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A wide range of material on many policy issues is available on this page.  This includes both material and commentary from Social Justice Ireland and material from other sources.  The policy issues are listed alphabetically in the menu on this page.

More than three quarters of the savings came from correcting errors made by Department of Social Protection staff

According to Professor Karl Whelan (University College Dublin) much of IBRC’s (formerly Anglo Irish Bank) debt was incurred by the Irish state so that unsecured and unguaranteed senior bondholders in the notorious Anglo Irish Bank and Irish Nationwide Building Society would be paid back.

According to Professor Karl Whelan (University College Dublin) much of IBRC’s (formerly Anglo Irish Bank) debt was incurred by the Irish state so that unsecured and unguaranteed senior bondholders in the notorious Anglo Irish Bank and Irish Nationwide Building Society would be paid back.

The Quarterly National Household Survey conducted by the CSO, published February 14, 2012 shows that 30% of households headed by a person who is unemployed had borrowed money from family or friends to pay for basic goods and services. In addition, half of such households had missed paying household bills and more than one quarter had missed loan repayments.

The Irish Government’s ‘Action Plan for Jobs - 2012‘ contains more than 270 actions, identifies the Government Departments and agencies responsible for implementing each of these, and sets out timelines for delivery. It hopes to “create the environment where the number of people at work will increase by 100,000- from 1.8 million to 1.9 million – by 2016, and reach 2 million people by 2020”. In practice this means replacing every job that is lost in that period an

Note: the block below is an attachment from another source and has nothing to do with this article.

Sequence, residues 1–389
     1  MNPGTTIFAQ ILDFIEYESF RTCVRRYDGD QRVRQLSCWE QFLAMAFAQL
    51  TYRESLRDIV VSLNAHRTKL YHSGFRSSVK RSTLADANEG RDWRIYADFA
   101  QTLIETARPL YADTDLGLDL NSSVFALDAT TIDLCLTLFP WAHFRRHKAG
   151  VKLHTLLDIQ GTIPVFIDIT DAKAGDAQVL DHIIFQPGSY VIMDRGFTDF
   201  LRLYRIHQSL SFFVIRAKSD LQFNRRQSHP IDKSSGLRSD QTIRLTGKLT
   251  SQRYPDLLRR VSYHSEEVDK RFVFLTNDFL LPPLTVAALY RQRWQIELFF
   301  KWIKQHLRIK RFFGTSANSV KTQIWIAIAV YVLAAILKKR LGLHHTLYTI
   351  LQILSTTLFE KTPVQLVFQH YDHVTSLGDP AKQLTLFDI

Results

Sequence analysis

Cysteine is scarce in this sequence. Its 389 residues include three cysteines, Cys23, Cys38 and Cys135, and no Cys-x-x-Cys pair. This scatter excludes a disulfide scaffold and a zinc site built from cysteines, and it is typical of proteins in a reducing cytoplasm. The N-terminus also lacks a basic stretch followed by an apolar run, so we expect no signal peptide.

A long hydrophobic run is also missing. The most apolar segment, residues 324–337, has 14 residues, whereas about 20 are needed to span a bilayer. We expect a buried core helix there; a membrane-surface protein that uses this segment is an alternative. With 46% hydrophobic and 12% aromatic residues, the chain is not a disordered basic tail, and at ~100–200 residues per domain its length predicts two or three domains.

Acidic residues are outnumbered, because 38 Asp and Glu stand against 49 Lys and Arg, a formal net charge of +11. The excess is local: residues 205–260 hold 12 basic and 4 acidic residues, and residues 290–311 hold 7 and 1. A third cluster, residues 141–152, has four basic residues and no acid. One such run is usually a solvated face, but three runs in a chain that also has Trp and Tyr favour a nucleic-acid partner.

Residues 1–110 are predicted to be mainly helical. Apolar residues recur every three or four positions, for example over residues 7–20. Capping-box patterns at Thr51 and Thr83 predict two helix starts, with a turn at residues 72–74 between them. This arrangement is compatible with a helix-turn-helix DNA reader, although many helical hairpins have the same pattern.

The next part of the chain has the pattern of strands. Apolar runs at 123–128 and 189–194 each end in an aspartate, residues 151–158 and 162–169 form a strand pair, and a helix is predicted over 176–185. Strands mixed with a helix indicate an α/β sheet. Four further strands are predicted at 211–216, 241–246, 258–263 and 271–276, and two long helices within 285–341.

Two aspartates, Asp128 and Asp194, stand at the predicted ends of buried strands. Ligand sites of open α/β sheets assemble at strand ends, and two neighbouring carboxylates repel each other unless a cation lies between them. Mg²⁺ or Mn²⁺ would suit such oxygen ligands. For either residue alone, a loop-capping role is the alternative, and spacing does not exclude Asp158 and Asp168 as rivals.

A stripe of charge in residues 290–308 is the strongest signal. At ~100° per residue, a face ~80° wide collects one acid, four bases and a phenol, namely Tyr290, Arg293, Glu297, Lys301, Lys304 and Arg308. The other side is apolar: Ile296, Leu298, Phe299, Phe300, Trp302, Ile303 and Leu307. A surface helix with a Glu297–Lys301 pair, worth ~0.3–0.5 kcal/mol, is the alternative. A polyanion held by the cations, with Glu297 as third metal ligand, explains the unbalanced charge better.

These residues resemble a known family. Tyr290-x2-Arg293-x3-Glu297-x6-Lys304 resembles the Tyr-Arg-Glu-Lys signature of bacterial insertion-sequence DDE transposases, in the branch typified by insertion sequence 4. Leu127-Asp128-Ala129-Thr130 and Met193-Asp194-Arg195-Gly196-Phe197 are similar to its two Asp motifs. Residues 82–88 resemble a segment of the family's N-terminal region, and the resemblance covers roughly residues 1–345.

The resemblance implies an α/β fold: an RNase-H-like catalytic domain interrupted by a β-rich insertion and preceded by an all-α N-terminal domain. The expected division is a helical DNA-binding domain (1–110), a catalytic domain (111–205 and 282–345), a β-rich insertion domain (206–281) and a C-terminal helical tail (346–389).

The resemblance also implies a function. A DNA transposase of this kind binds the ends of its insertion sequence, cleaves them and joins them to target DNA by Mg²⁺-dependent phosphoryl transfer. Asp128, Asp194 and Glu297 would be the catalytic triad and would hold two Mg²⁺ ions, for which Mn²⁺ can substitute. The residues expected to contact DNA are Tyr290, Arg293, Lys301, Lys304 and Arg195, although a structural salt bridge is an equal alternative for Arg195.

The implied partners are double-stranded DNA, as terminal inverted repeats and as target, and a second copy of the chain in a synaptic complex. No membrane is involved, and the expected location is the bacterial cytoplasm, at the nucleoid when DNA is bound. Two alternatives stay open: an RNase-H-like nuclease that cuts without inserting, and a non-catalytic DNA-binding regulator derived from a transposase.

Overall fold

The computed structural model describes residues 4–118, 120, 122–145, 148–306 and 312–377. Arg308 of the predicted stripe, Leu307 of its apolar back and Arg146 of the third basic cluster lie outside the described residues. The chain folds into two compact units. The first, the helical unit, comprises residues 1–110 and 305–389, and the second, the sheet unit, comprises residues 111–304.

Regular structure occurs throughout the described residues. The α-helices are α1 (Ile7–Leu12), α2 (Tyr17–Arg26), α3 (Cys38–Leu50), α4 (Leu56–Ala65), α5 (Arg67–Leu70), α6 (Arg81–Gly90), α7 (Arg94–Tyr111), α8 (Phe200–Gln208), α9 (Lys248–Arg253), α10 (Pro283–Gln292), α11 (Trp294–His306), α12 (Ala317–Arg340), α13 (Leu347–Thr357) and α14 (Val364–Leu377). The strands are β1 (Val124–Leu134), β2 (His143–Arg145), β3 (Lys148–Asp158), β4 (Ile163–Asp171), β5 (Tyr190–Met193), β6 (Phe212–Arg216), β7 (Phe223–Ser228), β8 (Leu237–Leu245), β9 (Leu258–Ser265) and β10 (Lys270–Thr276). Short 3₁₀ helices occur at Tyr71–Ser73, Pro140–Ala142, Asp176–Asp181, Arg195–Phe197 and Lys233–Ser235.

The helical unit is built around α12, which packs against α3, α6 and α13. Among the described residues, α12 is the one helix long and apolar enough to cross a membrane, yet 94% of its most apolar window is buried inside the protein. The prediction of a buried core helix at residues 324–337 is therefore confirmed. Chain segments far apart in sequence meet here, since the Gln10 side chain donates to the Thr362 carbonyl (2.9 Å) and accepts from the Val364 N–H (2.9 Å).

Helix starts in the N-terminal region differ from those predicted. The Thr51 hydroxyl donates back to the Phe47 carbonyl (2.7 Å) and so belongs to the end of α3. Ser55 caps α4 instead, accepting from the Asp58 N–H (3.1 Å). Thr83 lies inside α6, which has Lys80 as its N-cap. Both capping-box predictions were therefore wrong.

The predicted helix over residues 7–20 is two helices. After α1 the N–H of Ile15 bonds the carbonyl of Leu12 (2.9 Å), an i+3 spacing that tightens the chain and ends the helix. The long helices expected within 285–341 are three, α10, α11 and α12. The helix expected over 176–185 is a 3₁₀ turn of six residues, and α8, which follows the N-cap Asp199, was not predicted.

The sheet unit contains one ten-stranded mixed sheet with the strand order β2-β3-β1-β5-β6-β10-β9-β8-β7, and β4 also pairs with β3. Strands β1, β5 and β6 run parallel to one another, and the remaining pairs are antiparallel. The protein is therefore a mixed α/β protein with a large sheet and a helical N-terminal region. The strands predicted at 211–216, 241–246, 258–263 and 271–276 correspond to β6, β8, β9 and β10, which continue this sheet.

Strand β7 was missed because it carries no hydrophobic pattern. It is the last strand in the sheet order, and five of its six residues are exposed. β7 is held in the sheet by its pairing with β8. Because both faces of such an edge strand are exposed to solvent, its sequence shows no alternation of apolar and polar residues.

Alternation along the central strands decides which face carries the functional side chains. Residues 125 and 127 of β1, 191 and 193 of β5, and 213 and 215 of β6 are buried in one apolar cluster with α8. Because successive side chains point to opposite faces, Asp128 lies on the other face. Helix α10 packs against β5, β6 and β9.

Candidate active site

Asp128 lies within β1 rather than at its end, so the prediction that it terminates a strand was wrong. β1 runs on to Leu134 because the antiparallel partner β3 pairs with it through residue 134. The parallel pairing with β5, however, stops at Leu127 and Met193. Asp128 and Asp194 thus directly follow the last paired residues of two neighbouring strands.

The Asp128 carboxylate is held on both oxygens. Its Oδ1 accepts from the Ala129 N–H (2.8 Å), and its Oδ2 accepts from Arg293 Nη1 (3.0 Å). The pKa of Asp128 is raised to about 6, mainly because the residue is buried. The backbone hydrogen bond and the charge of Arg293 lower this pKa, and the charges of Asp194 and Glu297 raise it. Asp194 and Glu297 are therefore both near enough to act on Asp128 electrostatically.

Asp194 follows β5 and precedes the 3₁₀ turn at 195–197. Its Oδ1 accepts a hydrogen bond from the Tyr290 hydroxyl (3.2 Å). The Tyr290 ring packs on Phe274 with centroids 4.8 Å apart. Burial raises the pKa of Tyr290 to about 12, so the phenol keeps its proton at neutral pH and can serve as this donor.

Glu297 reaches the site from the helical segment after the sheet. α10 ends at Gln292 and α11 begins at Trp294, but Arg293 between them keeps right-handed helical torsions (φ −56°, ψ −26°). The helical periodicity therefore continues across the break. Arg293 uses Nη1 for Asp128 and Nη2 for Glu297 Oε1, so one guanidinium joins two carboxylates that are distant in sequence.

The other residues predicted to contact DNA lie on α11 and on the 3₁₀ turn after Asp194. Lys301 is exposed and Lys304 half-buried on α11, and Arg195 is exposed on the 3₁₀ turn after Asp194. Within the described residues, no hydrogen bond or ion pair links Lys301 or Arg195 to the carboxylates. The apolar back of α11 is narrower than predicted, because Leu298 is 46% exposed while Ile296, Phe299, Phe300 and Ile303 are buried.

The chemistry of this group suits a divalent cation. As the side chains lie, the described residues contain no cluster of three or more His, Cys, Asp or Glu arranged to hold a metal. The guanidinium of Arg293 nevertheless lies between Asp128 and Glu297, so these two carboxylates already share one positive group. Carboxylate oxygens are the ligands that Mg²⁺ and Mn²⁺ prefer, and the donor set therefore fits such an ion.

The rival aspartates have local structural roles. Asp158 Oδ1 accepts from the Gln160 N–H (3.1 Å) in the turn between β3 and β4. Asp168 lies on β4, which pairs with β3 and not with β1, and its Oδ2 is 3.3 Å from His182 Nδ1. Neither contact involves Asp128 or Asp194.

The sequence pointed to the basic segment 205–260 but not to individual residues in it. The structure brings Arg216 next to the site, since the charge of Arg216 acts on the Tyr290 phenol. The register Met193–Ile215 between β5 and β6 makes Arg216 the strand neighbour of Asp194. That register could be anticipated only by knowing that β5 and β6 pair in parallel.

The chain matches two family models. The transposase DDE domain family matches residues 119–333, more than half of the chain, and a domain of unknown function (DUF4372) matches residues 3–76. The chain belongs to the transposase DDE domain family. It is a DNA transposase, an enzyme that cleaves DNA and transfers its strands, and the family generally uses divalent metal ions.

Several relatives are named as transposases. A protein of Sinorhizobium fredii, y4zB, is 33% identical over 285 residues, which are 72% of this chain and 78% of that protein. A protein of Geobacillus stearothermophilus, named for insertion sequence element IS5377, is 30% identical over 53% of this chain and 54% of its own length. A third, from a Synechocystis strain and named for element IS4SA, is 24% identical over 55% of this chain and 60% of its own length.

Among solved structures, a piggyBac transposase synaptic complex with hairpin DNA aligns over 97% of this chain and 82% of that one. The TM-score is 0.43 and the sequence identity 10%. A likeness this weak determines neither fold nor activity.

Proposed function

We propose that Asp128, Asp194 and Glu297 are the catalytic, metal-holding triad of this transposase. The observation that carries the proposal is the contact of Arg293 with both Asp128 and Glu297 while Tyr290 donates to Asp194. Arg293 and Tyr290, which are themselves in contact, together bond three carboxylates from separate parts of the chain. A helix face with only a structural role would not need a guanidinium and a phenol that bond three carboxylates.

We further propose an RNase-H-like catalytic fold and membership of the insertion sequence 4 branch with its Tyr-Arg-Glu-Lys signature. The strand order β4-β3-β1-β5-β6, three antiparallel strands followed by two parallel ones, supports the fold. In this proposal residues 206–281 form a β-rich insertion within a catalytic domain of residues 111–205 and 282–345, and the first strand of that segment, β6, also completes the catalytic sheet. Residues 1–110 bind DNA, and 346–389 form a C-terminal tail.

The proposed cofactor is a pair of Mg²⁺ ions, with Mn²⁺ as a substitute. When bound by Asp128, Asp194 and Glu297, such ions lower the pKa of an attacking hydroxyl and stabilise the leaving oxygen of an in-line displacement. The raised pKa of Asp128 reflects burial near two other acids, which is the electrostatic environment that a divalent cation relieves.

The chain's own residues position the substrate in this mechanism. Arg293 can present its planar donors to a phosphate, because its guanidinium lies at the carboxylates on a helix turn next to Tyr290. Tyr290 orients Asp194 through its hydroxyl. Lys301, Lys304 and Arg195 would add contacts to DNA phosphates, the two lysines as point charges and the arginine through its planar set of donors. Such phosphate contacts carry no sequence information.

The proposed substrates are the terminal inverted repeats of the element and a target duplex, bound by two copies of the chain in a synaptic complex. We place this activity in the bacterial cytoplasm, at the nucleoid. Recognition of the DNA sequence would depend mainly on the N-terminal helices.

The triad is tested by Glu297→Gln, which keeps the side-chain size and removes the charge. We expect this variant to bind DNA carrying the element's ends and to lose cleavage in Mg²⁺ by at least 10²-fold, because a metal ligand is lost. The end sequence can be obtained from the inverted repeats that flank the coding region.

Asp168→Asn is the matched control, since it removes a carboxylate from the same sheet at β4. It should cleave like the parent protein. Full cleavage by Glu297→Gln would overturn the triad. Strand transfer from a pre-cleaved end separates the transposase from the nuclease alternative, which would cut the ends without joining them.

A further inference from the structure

There is no greater challenge facing Ireland than getting our people back to work. There have
been over 300,000 job losses since a flawed economic model collapsed in 2008 and there are
more than 315,000 people unemployed, half of them for more than a year.
Governments don't create jobs, successful businesses and entrepreneurs do. But this truth
does not remove the need, the absolute obligation, for Government and all sectors of our
society to respond to the jobs crisis facing our country.
 

Ireland’s unemployment crisis remains the striking feature of the current recession.   Despite this, in Budget 2012 and in the months since the Budget was annnounced, Government has taken hardly any steps to address this crisis and begin the process of seriously tackling the socially unsustainable number of workers who are trapped in unemployment.

According to Eurostat figures published on February 6, 2012, Ireland had the fourth highest ratio of government debt to GDP in the EU at the end of the third quarter of 2011 at 104.9%. This represents an increase of 16.5% over the third quarter of 2010, the third highest increase in the EU.

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